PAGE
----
What is it about torrential thunderstorms on sultry summer days? I want to throw up, drink whiskey in a brooding manner, write a love song to the desert, run away to live in the woods, read poems aloud while pacing from room to room, kick up my inner demons, so much more. All this energy wells up inside, furious and ferocious, almost feral; it yearns for violent release. I settle for chocolate and writing about sublime landscapes in bad vampire movies.
This week I went to Dublin to meet up with my friend, on a stop to see me before heading to Belfast to work on the ad campaign for a cable tv show that's filmed there. She was all smiles, refreshed from a week on a small Greek island where donkeys are the only form of transportation. The holiday was basically a second honeymoon with her poet husband, now en route to a writer's residency in California. Although it was the hottest day of the year in Ireland, she insisted on wearing her black duster.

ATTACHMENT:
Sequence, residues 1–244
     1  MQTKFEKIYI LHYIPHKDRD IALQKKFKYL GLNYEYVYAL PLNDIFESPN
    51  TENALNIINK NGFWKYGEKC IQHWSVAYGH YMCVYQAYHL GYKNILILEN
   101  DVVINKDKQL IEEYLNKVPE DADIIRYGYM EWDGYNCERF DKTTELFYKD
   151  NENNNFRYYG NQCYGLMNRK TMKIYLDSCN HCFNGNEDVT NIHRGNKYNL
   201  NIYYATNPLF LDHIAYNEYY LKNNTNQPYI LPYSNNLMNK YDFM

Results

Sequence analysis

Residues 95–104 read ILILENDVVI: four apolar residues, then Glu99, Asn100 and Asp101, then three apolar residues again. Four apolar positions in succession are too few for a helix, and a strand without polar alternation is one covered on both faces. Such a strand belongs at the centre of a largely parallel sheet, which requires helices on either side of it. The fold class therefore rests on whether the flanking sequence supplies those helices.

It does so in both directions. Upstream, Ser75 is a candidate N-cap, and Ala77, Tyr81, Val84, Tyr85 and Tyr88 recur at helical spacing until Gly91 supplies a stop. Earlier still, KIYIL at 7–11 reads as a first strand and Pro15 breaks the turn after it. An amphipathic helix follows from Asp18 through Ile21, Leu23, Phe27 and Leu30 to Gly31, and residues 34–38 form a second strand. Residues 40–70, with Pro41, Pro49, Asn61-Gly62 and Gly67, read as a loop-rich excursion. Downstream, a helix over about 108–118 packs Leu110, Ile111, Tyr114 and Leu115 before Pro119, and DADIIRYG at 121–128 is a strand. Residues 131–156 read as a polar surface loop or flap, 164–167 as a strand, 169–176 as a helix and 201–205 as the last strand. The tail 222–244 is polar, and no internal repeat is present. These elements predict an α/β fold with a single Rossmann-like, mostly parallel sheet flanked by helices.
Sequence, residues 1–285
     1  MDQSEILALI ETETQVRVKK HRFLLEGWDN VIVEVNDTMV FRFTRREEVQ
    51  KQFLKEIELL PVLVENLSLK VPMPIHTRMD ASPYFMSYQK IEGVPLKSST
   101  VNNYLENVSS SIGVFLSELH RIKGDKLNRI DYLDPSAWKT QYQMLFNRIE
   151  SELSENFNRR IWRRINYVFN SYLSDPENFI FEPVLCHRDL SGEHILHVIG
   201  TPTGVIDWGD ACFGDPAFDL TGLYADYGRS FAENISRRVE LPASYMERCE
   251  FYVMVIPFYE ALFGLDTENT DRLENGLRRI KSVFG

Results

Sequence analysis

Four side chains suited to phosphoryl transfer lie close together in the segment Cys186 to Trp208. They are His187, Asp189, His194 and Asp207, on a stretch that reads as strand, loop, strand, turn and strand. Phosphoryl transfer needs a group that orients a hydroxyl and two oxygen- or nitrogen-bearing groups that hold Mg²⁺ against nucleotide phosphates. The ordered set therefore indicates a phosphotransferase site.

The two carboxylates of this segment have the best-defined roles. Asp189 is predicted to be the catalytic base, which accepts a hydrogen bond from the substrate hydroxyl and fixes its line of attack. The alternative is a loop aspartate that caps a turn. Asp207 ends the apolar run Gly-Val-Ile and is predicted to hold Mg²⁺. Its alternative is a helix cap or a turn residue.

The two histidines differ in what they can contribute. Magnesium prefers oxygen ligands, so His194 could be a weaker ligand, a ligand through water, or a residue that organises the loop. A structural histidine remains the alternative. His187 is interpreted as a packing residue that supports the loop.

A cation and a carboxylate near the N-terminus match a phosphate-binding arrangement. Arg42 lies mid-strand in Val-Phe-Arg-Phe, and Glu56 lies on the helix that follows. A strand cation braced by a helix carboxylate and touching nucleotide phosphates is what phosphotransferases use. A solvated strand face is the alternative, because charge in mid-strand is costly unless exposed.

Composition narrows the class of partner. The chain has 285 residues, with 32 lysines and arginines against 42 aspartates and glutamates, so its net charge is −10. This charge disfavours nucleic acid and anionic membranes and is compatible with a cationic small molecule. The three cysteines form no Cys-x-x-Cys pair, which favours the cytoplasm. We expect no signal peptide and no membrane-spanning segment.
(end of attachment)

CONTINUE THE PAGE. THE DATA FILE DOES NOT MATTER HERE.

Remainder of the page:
With my husband and brother-in-law, we sat outside various bars, people-watching. She smoked: "It was either cigarettes or an affair," she said, laughing. The move to NY had been hard. Outside of Neary's, a Croatian, maybe Italian dude drank pints of Peroni's, playing Toto aloud on his phone, as if it was a boombox, and we spotted him later in a sushi bar, proof of how small Dublin is.
It was so good to see her, this woman I have known for twenty years: her beautiful golden face, those feline eyes, and her easy, mischievous smile. I am so alive and aware when I'm with her; my waywardness feels less a burden and more like a gift.